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In New Focus on Quality of Life, City Goes After Petty Criminals

May 21, 2002
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In New Focus on Quality of Life, City Goes After Petty Criminals

by William K. Rashbaum, New York Times

New York City's prosecutors, police and probation officials said yesterday that they would begin cracking down on a core group of as many as 9,700 people who repeatedly commit petty crimes like prostitution, public drinking and drug use, but serve little jail time.

The plan, Operation Spotlight, is Mayor Michael R. Bloomberg's latest twist on an idea popularized by his predecessor, Rudolph W. Giuliani: that the best way to keep overall crime down is to focus on small offenses that damage the quality of life, while relying on a huge, aggressive police presence on the streets.

But the new administration's approach, shaped in a time of tighter budgets and a smaller police force, is at once more focused on certain offenders and also broader in the number of agencies involved and the potential impact. Mr. Bloomberg, noting that reported crime continues to decline in almost all major categories, said yesterday he wanted to use not only the police, but also prosecutors, the courts and probation officials to focus on petty criminals.

"From beginning to end," Mr. Bloomberg said, "from the police officer who arrests a persistent offender, to the prosecutor who asks for bail, to the judge who imposes sentence, to the probation officer who monitors his or her release, everyone is going to be focusing on the career misdemeanor offenders."

Mr. Bloomberg announced his plan at City Hall with Police Commissioner Raymond W. Kelly; three of the five district attorneys and senior aides to the others; the chief administrative judge, Jonathan Lippman; the probation commissioner, Martin Horn; and the criminal justice coordinator, John Feinblatt, one architect of the plan, which begins July 1.

The 9,700 figure cited yesterday was based on a statistical model developed by Mr. Feinblatt's office, officials said, and does not reflect a list of suspects whom the police intend to round up. Rather, under the program, when someone is arrested and identified as a repeat misdemeanor offender the police will speed processing of the evidence, and the defendant will be arraigned in a special part of Criminal Court in each borough, where the case will receive priority treatment, the mayor said. Prosecutors will highlight the case and recommend strong sentences, he said.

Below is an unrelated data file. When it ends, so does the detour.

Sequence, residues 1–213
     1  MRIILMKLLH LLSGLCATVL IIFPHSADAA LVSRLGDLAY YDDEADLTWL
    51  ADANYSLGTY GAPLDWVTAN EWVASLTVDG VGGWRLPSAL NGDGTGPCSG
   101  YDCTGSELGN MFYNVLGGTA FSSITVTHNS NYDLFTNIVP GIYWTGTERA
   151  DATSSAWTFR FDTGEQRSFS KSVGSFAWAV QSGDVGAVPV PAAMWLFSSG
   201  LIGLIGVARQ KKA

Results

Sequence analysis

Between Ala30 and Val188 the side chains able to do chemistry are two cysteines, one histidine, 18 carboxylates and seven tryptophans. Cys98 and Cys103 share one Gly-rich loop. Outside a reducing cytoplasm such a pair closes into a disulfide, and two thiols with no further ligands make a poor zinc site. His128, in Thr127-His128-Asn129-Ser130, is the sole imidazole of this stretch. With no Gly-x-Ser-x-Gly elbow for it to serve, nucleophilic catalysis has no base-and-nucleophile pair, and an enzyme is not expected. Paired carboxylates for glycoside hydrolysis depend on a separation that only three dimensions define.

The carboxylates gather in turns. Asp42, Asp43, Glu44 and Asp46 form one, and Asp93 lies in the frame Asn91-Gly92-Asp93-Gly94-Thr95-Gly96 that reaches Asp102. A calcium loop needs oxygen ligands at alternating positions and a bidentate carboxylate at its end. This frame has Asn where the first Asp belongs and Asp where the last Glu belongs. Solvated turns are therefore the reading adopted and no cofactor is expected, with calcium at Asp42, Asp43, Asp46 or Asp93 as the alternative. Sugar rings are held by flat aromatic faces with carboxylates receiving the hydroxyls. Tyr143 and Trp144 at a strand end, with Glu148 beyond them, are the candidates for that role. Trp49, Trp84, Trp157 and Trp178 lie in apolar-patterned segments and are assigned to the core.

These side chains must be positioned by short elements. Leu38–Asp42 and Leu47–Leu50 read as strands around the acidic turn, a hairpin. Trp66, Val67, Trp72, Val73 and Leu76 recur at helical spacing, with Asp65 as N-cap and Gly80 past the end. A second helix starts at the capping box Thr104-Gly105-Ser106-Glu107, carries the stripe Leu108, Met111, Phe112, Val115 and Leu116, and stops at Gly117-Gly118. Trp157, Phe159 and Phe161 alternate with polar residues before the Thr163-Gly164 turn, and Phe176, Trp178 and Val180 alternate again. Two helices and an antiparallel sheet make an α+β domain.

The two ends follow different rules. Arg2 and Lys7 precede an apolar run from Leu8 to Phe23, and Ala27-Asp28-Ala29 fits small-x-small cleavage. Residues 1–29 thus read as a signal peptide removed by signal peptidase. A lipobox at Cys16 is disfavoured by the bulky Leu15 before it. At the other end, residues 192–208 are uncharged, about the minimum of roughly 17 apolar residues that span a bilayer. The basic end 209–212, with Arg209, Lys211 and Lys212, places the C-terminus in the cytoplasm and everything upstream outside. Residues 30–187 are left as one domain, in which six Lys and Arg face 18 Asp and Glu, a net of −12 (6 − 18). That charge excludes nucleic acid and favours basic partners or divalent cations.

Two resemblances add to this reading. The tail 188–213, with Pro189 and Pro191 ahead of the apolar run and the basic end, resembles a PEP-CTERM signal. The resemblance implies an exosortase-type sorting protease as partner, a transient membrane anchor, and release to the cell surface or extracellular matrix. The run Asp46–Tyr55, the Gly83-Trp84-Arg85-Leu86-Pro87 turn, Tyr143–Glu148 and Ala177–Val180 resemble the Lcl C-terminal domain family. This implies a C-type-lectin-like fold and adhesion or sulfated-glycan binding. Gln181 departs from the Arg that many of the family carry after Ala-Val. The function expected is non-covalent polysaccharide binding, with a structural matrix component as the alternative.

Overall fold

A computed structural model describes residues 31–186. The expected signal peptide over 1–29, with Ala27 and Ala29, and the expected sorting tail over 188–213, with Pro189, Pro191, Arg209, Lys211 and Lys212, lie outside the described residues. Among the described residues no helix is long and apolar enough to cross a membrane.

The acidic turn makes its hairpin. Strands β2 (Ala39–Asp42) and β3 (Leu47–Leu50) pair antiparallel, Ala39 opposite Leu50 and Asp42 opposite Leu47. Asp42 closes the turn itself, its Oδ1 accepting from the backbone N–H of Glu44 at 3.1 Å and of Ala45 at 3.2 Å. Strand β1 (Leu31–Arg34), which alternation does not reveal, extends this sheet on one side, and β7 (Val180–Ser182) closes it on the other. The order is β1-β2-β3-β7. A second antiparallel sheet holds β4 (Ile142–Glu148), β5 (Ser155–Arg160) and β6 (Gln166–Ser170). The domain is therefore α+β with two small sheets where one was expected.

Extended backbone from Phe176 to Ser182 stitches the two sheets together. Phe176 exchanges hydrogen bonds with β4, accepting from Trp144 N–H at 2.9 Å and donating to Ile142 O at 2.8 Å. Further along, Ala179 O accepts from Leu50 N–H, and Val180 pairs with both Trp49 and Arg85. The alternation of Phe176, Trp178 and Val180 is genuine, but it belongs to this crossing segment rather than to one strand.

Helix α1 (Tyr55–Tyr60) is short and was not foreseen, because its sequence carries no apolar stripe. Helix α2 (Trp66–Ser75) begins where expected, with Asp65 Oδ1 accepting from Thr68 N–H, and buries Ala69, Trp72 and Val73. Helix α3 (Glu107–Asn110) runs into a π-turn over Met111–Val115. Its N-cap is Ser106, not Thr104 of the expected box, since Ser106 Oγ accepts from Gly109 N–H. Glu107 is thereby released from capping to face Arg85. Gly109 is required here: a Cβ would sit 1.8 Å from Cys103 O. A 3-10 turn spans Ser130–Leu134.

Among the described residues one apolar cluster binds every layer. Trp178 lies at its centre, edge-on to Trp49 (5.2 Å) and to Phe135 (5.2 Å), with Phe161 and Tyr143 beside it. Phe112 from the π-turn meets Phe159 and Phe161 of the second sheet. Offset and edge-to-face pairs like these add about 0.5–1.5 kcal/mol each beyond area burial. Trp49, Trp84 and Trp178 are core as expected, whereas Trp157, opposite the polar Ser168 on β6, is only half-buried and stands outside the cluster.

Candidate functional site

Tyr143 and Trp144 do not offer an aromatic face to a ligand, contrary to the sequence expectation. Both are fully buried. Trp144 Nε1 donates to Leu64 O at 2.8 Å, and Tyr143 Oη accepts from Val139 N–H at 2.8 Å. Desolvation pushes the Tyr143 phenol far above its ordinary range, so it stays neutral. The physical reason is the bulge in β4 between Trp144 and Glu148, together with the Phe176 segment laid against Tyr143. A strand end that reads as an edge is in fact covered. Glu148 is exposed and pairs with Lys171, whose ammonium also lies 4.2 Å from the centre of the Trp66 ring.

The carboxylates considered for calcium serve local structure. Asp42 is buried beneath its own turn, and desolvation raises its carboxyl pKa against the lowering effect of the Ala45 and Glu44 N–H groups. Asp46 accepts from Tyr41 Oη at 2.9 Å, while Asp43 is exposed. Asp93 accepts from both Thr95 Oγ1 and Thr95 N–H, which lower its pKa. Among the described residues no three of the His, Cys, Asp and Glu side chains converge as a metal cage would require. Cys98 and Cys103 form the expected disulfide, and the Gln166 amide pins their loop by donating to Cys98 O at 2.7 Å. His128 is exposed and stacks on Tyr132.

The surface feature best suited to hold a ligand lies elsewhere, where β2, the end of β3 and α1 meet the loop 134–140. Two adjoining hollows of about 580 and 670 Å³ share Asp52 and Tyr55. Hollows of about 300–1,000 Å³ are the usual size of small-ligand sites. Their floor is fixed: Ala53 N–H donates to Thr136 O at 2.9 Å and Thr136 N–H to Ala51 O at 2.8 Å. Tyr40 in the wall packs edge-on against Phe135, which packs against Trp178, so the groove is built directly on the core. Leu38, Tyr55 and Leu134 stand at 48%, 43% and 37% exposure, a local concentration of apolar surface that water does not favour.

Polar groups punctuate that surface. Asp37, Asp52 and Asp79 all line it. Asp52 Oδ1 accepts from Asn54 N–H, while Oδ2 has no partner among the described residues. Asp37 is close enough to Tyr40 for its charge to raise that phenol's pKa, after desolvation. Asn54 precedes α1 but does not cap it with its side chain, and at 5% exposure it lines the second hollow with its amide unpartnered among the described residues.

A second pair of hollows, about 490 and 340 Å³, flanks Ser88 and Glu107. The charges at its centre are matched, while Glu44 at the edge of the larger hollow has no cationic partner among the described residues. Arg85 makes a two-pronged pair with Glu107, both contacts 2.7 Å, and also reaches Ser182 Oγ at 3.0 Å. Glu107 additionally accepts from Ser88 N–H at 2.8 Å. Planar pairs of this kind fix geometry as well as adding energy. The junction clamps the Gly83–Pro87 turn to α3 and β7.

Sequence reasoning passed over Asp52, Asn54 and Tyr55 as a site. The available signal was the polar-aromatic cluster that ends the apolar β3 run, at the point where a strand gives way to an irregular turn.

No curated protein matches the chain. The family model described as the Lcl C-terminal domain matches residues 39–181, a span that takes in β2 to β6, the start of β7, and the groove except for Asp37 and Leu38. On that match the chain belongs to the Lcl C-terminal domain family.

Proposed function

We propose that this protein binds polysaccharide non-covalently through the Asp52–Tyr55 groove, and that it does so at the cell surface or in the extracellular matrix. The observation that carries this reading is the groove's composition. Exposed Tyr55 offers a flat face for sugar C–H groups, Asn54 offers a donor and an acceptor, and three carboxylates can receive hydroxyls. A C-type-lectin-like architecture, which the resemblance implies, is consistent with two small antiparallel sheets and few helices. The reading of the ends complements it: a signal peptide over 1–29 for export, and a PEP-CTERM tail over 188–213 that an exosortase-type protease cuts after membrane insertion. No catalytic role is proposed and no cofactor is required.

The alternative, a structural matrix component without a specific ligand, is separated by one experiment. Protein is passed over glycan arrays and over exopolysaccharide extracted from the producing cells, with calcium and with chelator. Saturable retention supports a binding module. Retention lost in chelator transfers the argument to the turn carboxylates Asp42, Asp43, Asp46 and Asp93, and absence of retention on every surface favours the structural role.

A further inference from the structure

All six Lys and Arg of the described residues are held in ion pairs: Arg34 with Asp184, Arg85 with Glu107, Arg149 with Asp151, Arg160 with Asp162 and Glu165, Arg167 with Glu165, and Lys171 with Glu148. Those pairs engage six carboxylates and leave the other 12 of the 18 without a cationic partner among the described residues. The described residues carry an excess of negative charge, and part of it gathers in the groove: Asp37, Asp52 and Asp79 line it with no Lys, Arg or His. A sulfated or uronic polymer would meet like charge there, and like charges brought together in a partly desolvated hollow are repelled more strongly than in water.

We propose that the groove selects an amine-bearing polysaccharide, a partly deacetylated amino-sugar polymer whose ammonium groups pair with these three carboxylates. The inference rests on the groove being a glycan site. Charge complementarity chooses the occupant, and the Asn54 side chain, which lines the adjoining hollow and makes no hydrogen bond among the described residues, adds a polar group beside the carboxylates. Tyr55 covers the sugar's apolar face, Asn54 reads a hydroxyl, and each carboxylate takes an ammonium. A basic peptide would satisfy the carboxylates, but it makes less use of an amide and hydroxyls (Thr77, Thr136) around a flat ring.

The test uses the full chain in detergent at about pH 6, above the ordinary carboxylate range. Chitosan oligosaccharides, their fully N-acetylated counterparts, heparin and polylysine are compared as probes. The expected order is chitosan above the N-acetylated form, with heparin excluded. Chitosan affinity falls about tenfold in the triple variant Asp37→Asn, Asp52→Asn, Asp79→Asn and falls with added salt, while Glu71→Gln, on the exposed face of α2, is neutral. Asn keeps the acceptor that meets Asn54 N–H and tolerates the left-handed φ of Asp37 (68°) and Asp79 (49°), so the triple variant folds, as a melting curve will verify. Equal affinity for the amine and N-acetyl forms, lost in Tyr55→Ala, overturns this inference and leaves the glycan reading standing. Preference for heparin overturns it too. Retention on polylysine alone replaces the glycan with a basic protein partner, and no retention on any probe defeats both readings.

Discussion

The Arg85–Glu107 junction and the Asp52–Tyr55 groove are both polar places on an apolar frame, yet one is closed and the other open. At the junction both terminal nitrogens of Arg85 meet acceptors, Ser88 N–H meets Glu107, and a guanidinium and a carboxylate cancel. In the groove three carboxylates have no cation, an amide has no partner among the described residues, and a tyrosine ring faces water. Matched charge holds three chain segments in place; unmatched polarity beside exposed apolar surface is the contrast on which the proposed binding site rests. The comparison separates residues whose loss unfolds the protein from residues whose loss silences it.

While judges have discretion over sentencing, an aide to Mr. Bloomberg said he expected they would mete out harsher punishments to some of the repeat offenders. Some defendants could get as much as a year in jail — the maximum for some misdemeanors — or agree to court-ordered drug treatment under such a threat.

Chronic offenders on probation will be more closely monitored, ensuring for example that they complete drug treatment, Mr. Bloomberg said. Probation violators will more quickly face revocation hearings, he said.

This differs from the Giuliani administration's strategy, which churned tens of thousands of petty offenders through the criminal justice system. While they were checked for warrants and some were questioned about other crimes, most were released after 24 hours or sentenced to community service. Critics complained the courts were overwhelmed. Bloomberg officials said they did not expect Operation Spotlight to tax the courts or Rikers Island, where these offenders would serve jail time.

Underlying the new program is the statistical analysis by Mr. Feinblatt's office showing nearly 28 percent of all nonfelony crimes prosecuted in the city — misdemeanors and violations — were committed by 6 percent of the defendants. That same analysis found that roughly 9,700 defendants were arrested at least three times last year.

"These are the people who deal drugs, deface storefronts, and steal from our retail establishments," Mr. Bloomberg said. "They drive away tourists, they discourage shoppers, they devalue our neighborhoods, they hurt our economy."

This is the third and broadest effort by Mr. Bloomberg and Commissioner Kelly to build on the zero tolerance strategies of Mr. Giuliani. While the plan recognizes that the Police Department is operating with thousands fewer officers and scant resources, Mr. Feinblatt said it was based on "good criminal justice policy" rather than budget concerns.

The strategy of focusing on low-level offenses was also a foundation of Mr. Giuliani's crime-fighting successes. Known as the `'broken windows" theory, it says that if smaller annoyances — like broken windows — are left unfixed, they will breed larger crime.

Defense lawyers and civil libertarians had mixed reactions. Susan Hendricks, a senior lawyer for the Legal Aid Society, which represents poor defendants, said past punitive approaches failed.

"If this approach is focused more on treatment and the city is going to commit the resources to ensure there are enough treatment slots, then that would be something new and it could work," she said. "We're not in favor of crime either, and something that is effective at breaking the cycle of recidivism, something that's effective, is something we'd support."

Christopher Dunn, of the New York Civil Liberties Union, said, "The immediate concern that we have is the role of the courts in this proposal and whether or not defendants will get a fair trial in this special court proceeding."

And one veteran jurist in Criminal Court said solutions to the seemingly endless parade of repeat petty offenders lay elsewhere, with remedies to the root problems of drugs, homelessness and other urban ills. "Not all these problems can be solved in court," the judge said.

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